The Queen is coming

“It’s the most beautiful race in the world!”

-Theo de Rooij


Imagine a boxing match that has 29 rounds and lasts for six hours. Each round your body judders uncontrollably, there’s people coming at you from the left, from the right. Clouds of dust billow up, reducing visibility. For six hours the pace of life switches gears; grimaces across mud strewn faces express the effort and focus it takes just to stay upright. The smell of beer, sweat and adrenaline hangs heavy in the air channelled through tunnels of screaming fans.

This is Paris-Roubaix. This the Hell of the North.

One former racer, Theo de Rooij, when asked what it was like to race Paris-Roubaix said: “It’s bollocks, this race! You’re working like an animal … you’re riding in mud, you’re slipping…” We went on to list myriad unsavory things about the race.

But then when asked if he would start again the following year, de Rooij replied: “Sure, it’s the most beautiful race in the world!”


Riders stand on the startline of this race with a dogged determination to finish it. Even if that means arriving at the velodrome hours after the winner has raised his cobblestone trophy above his head in celebration.

“Every rider who starts wants to finish it, even for position 90 they sprint. It’s a very special day. I’ve been fighting for years to win this race,” says Sep VanmarckeSep Vanmarcke.

Matti BreschelMatti Breschel is racing his 15th season as a professional. He says: “Racing Paris-Roubaix is one of the only times of year when I get on a plane and I have butterflies in the stomach. There aren’t many races that do that to me,”

For Paris-Roubaix, we travel to northern France where stones lie across fields, mangled together forming something that is barely passable by car, nevermind bike. Compared to the cobbled roads of Flanders, which are a part their road network, the roads that lead to Roubaix are mainly farm tracks that have fallen out of use, some dating back to the era of Napoleon I. A handful of people, known as Les Amis de Paris-Roubaix, meticulously maintain these craggy roads.

“The Belgian cobblestones are kind ones. Even a kid can ride on them,” Vanmarcke explains. “The Roubaix ones even adults don’t want to ride on them.”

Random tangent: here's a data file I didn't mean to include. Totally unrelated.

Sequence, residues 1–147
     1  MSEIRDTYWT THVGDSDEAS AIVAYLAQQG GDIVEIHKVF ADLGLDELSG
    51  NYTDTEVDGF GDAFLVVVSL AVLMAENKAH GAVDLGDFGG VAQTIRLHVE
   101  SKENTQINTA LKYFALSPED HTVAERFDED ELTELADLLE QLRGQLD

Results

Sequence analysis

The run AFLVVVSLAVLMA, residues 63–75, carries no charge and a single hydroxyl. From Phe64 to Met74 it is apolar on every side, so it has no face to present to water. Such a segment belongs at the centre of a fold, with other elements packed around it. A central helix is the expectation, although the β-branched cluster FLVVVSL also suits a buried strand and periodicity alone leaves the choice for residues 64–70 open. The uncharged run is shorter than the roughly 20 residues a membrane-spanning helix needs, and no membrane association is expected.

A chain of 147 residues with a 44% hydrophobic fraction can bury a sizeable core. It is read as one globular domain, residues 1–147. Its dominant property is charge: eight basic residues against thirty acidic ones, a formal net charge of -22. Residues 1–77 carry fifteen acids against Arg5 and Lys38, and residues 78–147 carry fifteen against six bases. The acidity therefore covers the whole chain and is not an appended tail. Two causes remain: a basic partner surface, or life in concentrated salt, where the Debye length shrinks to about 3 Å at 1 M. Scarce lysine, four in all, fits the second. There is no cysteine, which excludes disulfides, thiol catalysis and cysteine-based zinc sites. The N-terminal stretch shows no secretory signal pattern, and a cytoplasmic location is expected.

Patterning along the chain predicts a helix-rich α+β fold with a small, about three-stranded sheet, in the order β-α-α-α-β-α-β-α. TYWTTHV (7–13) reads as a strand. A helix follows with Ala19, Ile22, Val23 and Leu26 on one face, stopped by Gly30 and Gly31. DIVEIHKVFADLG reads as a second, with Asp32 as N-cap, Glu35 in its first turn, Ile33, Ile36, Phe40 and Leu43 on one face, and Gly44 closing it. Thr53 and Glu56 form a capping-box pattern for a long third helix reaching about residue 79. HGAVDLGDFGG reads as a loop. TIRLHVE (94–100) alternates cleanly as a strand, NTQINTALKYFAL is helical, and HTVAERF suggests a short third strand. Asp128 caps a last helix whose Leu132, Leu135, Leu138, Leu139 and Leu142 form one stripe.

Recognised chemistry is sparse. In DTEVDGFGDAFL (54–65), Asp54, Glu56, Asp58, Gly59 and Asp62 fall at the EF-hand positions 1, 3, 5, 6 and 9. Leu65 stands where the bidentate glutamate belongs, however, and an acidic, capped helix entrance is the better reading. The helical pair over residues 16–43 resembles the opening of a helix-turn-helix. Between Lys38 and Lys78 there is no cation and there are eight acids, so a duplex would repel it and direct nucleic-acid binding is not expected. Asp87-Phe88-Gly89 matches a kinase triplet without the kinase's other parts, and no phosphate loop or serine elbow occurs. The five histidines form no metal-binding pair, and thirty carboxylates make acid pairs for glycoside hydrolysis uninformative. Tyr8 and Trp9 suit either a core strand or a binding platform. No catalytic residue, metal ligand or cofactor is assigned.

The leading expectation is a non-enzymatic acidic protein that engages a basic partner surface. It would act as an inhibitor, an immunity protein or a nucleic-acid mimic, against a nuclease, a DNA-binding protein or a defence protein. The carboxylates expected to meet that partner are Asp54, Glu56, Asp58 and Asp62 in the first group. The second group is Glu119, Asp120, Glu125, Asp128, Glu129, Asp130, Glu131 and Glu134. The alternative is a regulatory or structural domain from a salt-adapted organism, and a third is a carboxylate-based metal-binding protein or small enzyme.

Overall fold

“If you’re at the front, then you’re out of the way of the destruction that follows behind.”

– Andreas Klier


Although the race is known as Paris-Roubaix, the start is actually in Compiègne, France. The peloton heads northwards for 257-kilometers before it swings into the Stab velodrome in Roubaix. For this 117th edition, the race will include 54.5km of pavé over 29 sectors, including the infamous Trouée d’Arenberg and Carrefour de l’Arbre.

Weather is part of the conversation every year. The last truly wet edition of Paris-Roubaix was in 2002. Riders rolled over the finish line caked in mud, the whites of their eyes the only clear feature. The combination of rain and cobbles creates an ice rink that the peloton must skate upon at 60kph.

“If it’s raining you bring that final sprint that’s usually reserved for the finish line forward by 160 kilometers, when the race hits the first sector of cobbles. If you’re at the front then you’re out of the way of the destruction that follows behind,” team DS Andreas Klier says stoney-faced to his riders.

“At that moment it’s a lot of stress, before entering a cobbled section, for example like the Arenberg, it’s dangerous because riders in front of you can crash. It’s a big fight to get in position,” Vanmarcke explains.



At the end of the race, if they’ve made it to the velodrome through the crashes, the mud, the dust, with hands blistered, bodies jangled and you ask them if they’ll come back next year and do it all again, the answer invariably will be yes.

Our team:

Julius van den Berg
Matti Breschel
Mitch Docker
Sebastian Langeveld
Sep Vanmarcke
Taylor Phinney
Tom Scully


The 29 Sectors:


Sector 29 – Troisvilles to Inchy (km 97.5 – 0.9 km) **
Sector 28 – Briastre to Viesly (km 108.5 – 3 km) ****
Sector 27 – Viesly to Quiévy (km 101.5 – 1.8 km) ***
Sector 26 – Quiévy to Saint-Python (km 116 – 3.7 km) ****
Sector 25 – Saint-Python (km 118.5 – 1.5 km) **
Sector 24 – Vertain to Saint-Martin-sur-Écaillon (km 127.5 – 2.3 km) ***
Sector 23 – Verchain-Maugré to Quérénaing (km 136.5 – 1.6 km) ***
Sector 22 – Quérénaing to Maing (km 140.5 – 2.5 km) ***
Sector 21 – Maing to Monchaux-sur-Ecaillon (km 142.5 – 1.6 km) ***
Sector 20 – Haveluy to Wallers (km 156.5 – 2.5 km) ****
Sector 19 – Trouée d’Arenberg (km 164.5 – 2.3 km) *****
Sector 18 – Wallers to Hélesmes (km 170 – 1.6 km) ***
Sector 17 – Hornaing to Wandignies (km 179 – 3.7 km) ****
Sector 16 – Warlaing to Brillon (km 185 – 2.4 km) ***
Sector 15 – Tilloy to Sars-et-Rosières (km 188.5 – 2.4 km) ****
Sector 14 – Beuvry to Orchies (km 194 – 1.4 km) ***
Sector 13 – Orchies (km 199 – 1.7 km) ***
Sector 12 – Auchy to Bersée (km 206.5 – 2.7 km) ****
Sector 11 – Mons-en-Pévèle (km 212 – 3 km) *
Sector 10 – Mérignies to Avelin (km 215.5 – 0.7 km) **
Sector 9 – Pont-Thibault to Ennevelin (km 220 – 1.4 km) ***
Sector 8 – Templeuve – L’Épinette (km 224 – 0.2 km) *
Sector 8 – Templeuve – Moulin-de-Vertain (km 225 – 0.5 km) **
Sector 7 – Cysoing to Bourghelles (km 232 – 1.3 km) ***
Sector 6 – Bourghelles to Wannehain (km 234.5 – 1.1 km) ***
Sector 5 – Camphin-en-Pévèle (km 239.5 – 1.8 km) ****
Sector 4 – Carrefour de l’Arbre (km 242.5 – 2.1 km) *****
Sector 3 – Gruson (km 244 – 1.1 km) **
Sector 2 – Willems to Hem (km 251 – 1.4 km) ***
Sector 1 – Roubaix (km 256 – 0.3 km) *


Look back at our monumental win at the Tour of Flanders